Learn More
At sites of vascular injury, platelets come into contact with the subendothelial extracellular matrix which triggers their activation and the formation of a hemostatic plug. This process is crucial for normal hemostasis, but may also lead to pathological thrombus formation causing diseases such as myocardial infarction or stroke. The initial capture of(More)
Store-operated Ca(2+) entry (SOCE) is believed to be of pivotal importance in T cell physiology. To test this hypothesis, we generated mice constitutively lacking the SOCE-regulating Ca(2+) sensor stromal interaction molecule 1 (STIM1). In vitro analyses showed that SOCE and Ag receptor complex-triggered Ca(2+) flux into STIM1-deficient T cells is virtually(More)
Platelet activation at sites of vascular injury is triggered through different signaling pathways leading to activation of phospholipase (PL) Cbeta or PLCgamma2. Active PLCs trigger Ca(2+) mobilization and entry, which is a prerequisite for adhesion, secretion, and thrombus formation. PLCbeta isoenzymes are activated downstream of G protein-coupled(More)
Changes in cytoplasmic Ca2+ levels regulate a variety of fundamental cellular functions in virtually all cells. In nonexcitable cells, a major pathway of Ca2+ entry involves receptor-mediated depletion of intracellular Ca2+ stores followed by the activation of store-operated calcium channels in the plasma membrane. We have established a mouse line(More)
Platelet activation and aggregation are essential to limit posttraumatic blood loss at sites of vascular injury but also contributes to arterial thrombosis, leading to myocardial infarction and stroke. Agonist-induced elevation of [Ca(2+)](i) is a central step in platelet activation, but the underlying mechanisms are not fully understood. A major pathway(More)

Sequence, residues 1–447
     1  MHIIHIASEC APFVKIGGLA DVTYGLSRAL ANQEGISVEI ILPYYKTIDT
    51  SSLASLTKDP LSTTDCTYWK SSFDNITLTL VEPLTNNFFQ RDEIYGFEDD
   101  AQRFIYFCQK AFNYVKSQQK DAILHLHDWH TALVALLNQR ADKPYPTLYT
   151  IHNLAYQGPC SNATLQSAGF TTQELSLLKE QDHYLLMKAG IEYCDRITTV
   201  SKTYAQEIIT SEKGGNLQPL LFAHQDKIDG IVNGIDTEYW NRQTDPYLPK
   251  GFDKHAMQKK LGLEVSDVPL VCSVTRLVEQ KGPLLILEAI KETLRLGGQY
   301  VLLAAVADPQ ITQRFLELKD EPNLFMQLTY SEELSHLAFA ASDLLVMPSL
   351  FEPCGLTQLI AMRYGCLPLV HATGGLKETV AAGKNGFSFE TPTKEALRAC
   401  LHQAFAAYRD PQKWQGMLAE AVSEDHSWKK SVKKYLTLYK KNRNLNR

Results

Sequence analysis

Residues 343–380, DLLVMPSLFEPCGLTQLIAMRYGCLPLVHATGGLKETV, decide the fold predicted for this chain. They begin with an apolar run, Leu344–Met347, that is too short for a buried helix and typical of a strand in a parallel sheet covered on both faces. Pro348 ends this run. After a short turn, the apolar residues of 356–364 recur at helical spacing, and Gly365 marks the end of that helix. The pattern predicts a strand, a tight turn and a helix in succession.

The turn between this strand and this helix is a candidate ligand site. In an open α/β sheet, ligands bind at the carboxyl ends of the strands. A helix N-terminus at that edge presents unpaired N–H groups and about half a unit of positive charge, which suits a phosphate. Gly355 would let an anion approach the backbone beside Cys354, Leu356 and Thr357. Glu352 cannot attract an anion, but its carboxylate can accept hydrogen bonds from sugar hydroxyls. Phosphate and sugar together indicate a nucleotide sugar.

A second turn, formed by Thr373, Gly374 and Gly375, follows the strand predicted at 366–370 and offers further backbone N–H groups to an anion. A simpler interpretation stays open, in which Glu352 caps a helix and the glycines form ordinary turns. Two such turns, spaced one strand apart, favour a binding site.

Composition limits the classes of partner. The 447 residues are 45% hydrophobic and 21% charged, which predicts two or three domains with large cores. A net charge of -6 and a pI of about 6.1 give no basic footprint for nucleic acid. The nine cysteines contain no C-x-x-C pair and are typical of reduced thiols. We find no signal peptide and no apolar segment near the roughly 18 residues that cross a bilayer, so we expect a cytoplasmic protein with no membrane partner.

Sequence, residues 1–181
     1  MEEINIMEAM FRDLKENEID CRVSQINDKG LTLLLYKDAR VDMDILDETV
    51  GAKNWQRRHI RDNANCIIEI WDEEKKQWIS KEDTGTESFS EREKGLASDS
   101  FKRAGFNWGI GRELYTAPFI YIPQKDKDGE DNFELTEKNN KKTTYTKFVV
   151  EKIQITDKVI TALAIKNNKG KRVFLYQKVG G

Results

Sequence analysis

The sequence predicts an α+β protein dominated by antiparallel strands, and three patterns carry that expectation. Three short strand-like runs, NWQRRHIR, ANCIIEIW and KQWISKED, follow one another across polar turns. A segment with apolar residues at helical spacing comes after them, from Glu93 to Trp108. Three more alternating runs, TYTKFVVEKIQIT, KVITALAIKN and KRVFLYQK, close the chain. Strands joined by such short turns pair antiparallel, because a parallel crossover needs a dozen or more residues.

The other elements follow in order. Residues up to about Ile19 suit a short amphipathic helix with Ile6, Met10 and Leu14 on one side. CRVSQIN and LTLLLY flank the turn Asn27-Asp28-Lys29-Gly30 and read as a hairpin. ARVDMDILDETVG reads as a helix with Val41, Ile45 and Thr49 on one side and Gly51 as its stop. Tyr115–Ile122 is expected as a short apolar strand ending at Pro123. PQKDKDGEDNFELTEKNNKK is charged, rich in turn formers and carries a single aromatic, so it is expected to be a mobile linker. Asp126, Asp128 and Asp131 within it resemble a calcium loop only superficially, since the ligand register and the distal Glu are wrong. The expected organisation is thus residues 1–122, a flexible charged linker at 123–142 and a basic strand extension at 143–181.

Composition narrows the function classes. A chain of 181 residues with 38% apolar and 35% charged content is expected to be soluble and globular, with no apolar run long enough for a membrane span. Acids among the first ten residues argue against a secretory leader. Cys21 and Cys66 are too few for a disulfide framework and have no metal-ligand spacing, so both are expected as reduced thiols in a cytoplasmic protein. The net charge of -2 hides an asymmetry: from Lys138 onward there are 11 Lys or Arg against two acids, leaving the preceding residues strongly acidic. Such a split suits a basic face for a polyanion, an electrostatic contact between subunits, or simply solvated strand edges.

Agonist-induced elevation in cytosolic Ca2+ concentrations is essential for platelet activation in hemostasis and thrombosis. It occurs through Ca2+ release from intracellular stores and Ca2+ entry through the plasma membrane (PM). Ca2+ store release is a well-established process involving phospholipase (PL)C-mediated production of(More)
Platelet activation and aggregation at sites of vascular injury are essential for primary hemostasis, but are also major pathomechanisms underlying myocardial infarction and stroke. Changes in [Ca(2+)](i) are a central step in platelet activation. In nonexcitable cells, receptor-mediated depletion of intracellular Ca(2+) stores triggers Ca(2+) entry through(More)
Platelet adhesion and aggregation at sites of vascular injury are essential for normal hemostasis but may also lead to pathological thrombus formation, causing diseases such as myocardial infarction or stroke. Heterodimeric receptors of the integrin family play a central role in the adhesion and aggregation of platelets. In resting platelets, integrins(More)
Fcgamma receptors (FcgammaRs) on mononuclear phagocytes trigger autoantibody and immune complex-induced diseases through coupling the self-reactive immunoglobulin G (IgG) response to innate effector pathways, such as phagocytosis, and the recruitment of inflammatory cells. FcRgamma-based activation is critical in the pathogenesis of these diseases, although(More)
Physiological platelet activation and thrombus formation are essential to stop bleeding in case of vascular injury, whereas inadequate triggering of the same process in diseased vessels can lead to fatal thromboembolism and tissue ischemia of vital organs. A central step in platelet activation is agonist-induced elevation of the intracellular Ca(2+)(More)